The end of this comic could've been much better, as the Emperor tests his new superweapon against the Alliance's base. It initially appears that the Rebel leaders were utterly destroyed, but of course it is later revealed that everyone lived, because they had already moved the base by the time that the Emperor attacked. What could have felt more like the Rebellion truly licking its wounds, and in a bad place instead seems more like a minor setback before a major triumph.

Art

The fight between Viper droids and modified rancors finishes off the only epic battle in the entire second half of the book.
The art featured in Dark Empire II is much like the art of the original. There are plenty of new vehicles, starships, and peoples, but the amount of actually effective and interesting designs are roughly halved here. The epic battle between Imperials at the beginning does a great job of introducing new technology. The Viper droids-huge, bug like vehicles- are used to great effect throughout the comic, factoring heavily in Lando/Wedge's plot, and looking extremely cool throughout, including a memorable battle with rancor like creatures.

The Shadow Droid is a bizarre idea, and the design itself is nothing special.

The opening scene also introduces us to some poorly conceived designs as well. First up is the Shadow Droid. This bizarre creation is a starfighter piloted by the brain of a deceased Imperial fighter ace. These guys don't show up much, and the concept is absurd, even for Star Wars. The SD model attack droids were also unneeded. These droids show up briefly during the fight on Balmorra, and their uninspired design and lack of purpose prevents them from leaving much of an impression.

Nar Shaddaa looks good, however that neon sign is both insulting to the reader and inconsistent with Star Wars canon.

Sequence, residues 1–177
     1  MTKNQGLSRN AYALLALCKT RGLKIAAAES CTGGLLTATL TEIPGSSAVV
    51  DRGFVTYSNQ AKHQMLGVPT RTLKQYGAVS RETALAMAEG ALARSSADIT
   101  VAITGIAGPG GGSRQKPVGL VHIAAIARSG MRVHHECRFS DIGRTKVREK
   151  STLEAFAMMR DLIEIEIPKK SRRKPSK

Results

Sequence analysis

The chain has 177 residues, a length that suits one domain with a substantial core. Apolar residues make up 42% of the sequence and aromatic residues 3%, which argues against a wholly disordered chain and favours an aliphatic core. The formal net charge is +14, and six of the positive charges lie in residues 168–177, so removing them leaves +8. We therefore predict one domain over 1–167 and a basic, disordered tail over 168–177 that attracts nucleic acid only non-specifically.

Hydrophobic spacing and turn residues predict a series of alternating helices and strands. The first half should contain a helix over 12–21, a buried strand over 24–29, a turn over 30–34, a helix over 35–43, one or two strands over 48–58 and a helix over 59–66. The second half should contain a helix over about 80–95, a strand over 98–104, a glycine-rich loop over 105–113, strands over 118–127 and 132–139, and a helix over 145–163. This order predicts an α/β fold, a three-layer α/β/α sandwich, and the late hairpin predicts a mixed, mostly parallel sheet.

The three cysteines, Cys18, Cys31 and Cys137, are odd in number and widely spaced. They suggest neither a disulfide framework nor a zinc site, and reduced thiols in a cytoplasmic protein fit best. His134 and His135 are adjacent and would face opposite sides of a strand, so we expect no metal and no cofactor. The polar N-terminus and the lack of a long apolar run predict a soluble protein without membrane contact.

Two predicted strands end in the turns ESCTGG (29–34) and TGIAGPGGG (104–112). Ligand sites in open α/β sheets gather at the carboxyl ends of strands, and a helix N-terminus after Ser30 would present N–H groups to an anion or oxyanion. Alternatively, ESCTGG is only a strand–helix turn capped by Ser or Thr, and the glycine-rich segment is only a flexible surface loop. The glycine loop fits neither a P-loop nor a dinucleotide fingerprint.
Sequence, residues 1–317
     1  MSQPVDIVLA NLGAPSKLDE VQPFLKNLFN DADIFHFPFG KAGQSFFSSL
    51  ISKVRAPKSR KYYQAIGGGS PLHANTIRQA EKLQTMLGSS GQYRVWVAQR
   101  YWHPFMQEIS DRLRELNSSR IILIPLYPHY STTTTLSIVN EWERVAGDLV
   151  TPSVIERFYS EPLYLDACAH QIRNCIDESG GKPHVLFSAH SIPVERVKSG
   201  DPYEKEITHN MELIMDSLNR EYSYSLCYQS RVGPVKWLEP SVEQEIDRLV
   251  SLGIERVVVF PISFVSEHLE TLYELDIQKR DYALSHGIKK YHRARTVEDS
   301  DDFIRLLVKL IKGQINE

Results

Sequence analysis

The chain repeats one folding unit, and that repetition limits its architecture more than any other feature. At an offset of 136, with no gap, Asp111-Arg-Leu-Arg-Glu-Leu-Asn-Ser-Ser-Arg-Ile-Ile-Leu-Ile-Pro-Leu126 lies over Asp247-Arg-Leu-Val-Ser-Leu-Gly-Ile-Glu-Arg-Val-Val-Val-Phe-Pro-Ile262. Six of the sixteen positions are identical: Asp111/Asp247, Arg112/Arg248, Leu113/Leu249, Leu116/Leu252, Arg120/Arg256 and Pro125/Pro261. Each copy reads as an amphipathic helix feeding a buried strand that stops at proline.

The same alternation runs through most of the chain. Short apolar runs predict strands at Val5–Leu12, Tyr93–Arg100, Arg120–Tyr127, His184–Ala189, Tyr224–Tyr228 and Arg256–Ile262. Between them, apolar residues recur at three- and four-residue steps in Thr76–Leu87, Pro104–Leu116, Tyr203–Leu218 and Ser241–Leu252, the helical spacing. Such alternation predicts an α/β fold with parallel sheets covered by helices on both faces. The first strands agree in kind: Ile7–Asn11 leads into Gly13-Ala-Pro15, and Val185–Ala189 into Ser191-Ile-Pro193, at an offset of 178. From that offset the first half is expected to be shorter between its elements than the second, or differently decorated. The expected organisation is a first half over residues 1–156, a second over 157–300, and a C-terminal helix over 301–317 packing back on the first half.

The two tone art is re-applied here, though it isn't quite as effective as it was in Dark Empire II. Unlike the original, Dark Empire II uses many natural environments, and the art doesn't compliment them in the way that it should. It still does a great job conveying the urban filth of Nar Shaddaa, and the sterile environments of the command centers for each faction, but it leaves much to be desired when detailing the worlds of Ossus and New Alderaan. I was also disappointed in the lightsaber design, after it looked so good in the first book. The robust, towering pillars of light are replaced by flickering and understated designs.
This early shot does a great job of showcasing the detailed penciling and masterful sense of scale used on most vehicles.

The sketches themselves once again do a fantastic job of capturing ships, and an extremely poor one of conveying certain characters. Leia is by far the biggest victim of this. Throughout the comic, she is portrayed as being almost manly; from her square jaw and short hair to her scruffy attire, she retains none of the graceful femininity seen in the movies. Palpatine is seen exclusively in his younger body for this book, and he loses quite a bit of menace in this form. With swept back hair and a long black cloak complete with upturned collar, Palpatine looks more like a sub-par Count Dracula than he does a menacing Sith Lord. Everyone else looks atleast adequate, but generally the characters don't look natural. Even Luke and Han look like robots in a few panels...the pencils were not up to par here.

This is about as long as most of the lightsaber duels last.
The action scenes themselves are terribly conceived. Very few of them last more than three panels, and watching Luke or the Ossus Jedi kids or whoever instantly kill their opponent does not build any kind of tension whatsoever. Prolonged lightsaber duels simply do not exist here, and what we do get are more of an embarrassing series of defeats for the random idiots Palpatine "promotes" to Jedi.

Conclusion

A near-complete disaster, Dark Empire II takes the good aspects of the original, and either retreads them in a completely unimaginative way, or removes them altogether. The few good action scenes at the beginning and end of the book aren't worth suffering through the sub par art and story in between. A sequel that never should have happened.

Final Score

26/100